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# 4. Optimization with control of robustness

For clarity, let us now assume that is a one-to-one map. The method presented in Sect. 3 then yields a solution  of Eq. (38), and thereby the solution of the problem: . Unfortunately, as already mentioned, this method does not provide any information on the robustness of the reconstruction process. The most natural way of obtaining this information is to find , directly, as the solution of the normal Eq. (4):

where

In this section, we present the corresponding developments. To conduct our analysis, the eigenvalues of B are ordered so as to form a nondecreasing sequence (cf. Eq. (7)):

As is assumed to be a one-to-one map, is strictly positive. In the general case where the  generating  E do not form an orthogonal set, the reader must keep in mind the fact that the action of  can be performed with the aid of algorithm 2.

## 4.1. Reconstruction algorithm

The problem is solved by using the conjugate-gradients method (cf. Sect. 2.3 of Lannes et al. 1987b). Starting from any  in  E , the iterates converge to  in at most m  iterations, getting closer to  at each iteration. In this algorithm, is the "direction of research" in , whereas  is the corresponding "parameter of exact line search"; is the residue of the normal Eq. (39) for :

As , we have , hence:

Denoting by an estimate of , we therefore have:

Let us introduce an acceptable error threshold  for . Clearly, the iterative process can be interrupted as soon as is less than ; therefore plays the role of a convergence estimator. The estimate of  is refined throughout the iterative process as indicated in Sect. 4.2. The corresponding algorithm can then be summarized as follows.

ALGORITHM| 3:

#&# Step 0: &Set (for example) and n=0 ; &choose a natural starting point in E ; &compute ; &set . Step 1: &Compute &, 5pt&, 5pt&, 5pt&, 5pt&; 6pt&if , termination. 6pt &Compute &, 5pt&. 5pt&Increment n and loop to step 1. 101

## 4.2. Effective object representation space

In the conjugate-gradients method, the n -dimensional subspace of  E generated by the conjugate directions ,

is referred to as the Krylov space of order  n . According to a well known property (cf. properties 2 and 3.1 of Lannes et al. 1987b),  minimizes  on .

Provided that  n  is sufficiently large, the least-squares solutions in  E and  are very close to one another. At the end of the reconstruction process,  is therefore the effective object representation space. The dimension of this space, as well as the robustness of the reconstruction process, depends upon the localization of the eigenvalues of  B , and more precisely, on the relative weight of the projections of  onto the corresponding eigenspaces. We are thus led to consider the operator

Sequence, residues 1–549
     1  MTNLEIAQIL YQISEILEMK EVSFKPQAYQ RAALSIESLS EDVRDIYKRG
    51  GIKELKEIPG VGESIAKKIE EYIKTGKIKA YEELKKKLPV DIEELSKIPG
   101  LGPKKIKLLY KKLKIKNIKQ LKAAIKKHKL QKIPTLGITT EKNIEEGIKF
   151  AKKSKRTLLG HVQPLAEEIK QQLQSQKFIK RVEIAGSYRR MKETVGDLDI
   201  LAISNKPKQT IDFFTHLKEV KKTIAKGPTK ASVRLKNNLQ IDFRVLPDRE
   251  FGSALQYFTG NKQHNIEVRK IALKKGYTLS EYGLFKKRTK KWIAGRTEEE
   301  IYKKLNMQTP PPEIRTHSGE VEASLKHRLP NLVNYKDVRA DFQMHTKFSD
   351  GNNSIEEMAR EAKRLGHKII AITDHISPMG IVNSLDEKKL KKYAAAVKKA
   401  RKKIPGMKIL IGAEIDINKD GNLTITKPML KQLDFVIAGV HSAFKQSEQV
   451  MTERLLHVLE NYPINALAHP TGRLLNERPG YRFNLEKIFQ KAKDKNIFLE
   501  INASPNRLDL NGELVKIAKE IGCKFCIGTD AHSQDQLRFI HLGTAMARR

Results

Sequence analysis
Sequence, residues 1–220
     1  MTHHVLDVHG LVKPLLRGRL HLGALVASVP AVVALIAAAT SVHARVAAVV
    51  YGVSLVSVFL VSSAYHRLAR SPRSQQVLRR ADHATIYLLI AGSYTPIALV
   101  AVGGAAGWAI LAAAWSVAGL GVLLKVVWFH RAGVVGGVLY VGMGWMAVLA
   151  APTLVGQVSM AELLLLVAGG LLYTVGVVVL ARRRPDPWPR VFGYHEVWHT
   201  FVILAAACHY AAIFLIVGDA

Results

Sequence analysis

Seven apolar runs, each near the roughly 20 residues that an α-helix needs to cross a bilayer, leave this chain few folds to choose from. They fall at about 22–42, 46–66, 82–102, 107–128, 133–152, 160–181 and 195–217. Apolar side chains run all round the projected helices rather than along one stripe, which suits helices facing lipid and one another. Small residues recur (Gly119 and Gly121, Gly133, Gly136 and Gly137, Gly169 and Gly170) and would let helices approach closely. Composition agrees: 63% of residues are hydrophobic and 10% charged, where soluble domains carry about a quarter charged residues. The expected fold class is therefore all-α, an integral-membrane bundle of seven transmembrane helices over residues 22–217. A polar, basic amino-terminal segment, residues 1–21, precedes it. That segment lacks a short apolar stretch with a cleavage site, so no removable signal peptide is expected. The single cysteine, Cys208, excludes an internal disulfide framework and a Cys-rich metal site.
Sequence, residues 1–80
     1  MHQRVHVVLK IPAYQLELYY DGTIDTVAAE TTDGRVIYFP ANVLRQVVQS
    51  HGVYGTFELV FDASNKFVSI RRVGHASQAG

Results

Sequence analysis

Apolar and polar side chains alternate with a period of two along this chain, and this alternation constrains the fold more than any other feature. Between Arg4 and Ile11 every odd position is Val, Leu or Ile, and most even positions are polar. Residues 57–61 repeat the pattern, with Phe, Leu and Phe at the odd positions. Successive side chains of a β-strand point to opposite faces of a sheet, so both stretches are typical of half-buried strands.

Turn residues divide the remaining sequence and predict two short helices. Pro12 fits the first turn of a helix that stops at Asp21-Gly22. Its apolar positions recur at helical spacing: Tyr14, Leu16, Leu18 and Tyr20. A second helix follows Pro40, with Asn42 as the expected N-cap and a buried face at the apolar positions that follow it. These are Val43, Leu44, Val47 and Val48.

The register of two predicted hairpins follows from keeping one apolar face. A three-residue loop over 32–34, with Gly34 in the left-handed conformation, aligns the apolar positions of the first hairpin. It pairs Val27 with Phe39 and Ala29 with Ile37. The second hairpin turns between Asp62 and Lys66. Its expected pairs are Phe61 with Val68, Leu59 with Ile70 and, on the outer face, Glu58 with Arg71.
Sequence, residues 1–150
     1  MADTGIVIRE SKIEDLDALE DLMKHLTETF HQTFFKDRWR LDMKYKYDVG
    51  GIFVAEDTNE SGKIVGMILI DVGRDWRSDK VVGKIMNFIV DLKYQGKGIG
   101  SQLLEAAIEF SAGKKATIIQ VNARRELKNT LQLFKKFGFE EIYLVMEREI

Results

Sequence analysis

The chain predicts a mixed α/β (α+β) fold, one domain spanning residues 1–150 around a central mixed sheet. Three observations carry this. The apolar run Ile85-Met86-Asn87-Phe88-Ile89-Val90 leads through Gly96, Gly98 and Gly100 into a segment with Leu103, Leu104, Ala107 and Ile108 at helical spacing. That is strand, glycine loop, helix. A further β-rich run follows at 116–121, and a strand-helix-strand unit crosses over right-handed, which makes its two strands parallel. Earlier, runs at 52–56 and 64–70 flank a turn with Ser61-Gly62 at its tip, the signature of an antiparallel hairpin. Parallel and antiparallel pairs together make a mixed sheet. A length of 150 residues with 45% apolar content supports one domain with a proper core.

where is the projection (operator) onto .

The residues form an orthogonal basis for  (see Appendix 4 of Lannes et al. 1987b). As established in Appendix 2 of Lannes et al. (1996), the matrix of expressed in this basis is tridiagonal (this matrix is of course symmetric). Its diagonal and upper-diagonal elements are respectively given by the relationships

and

The eigenvalues of  can therefore be calculated very easily with the aid of the QR algorithm (cf. Sect. 11.3 of Press et al. 1992). Let us order these eigenvalues as those of  B (see Eq. (41)):

By referring to the eigenvalue analysis based on the notion of "minmax numbers" (cf. Appendix 5 of Lannes et al. 1987a), it is easy to show that

Figure 6: Image reconstruction via the regularized version of CLEAN; a) traditional clean map for ; b) improved clean map  provided by the regularized version of CLEAN (). These images have to be compared with the image to be reconstructed (Fig. 5 (click here)c). As shown in Fig. 7 (click here)b, the matching pursuit process of WIPE can still refine image (b)

Provided that the projections of onto the eigenspaces corresponding to  and  are different from zero, a condition which is always numerically satisfied in practice,  and  respectively tend as  n tends to  m (see Fig. 3 (click here) of Lannes et al. 1996).

In our reconstruction processes, the eigenvalues of are computed at each iteration. (The cost for this is negligible compared to that of the action of  B .) As soon as  is less than say ,

are very good approximations to  and , respectively. In most cases, the termination test of the basic algorithm is then satisfied (see Fig. 3 (click here) of Lannes et al. 1996).

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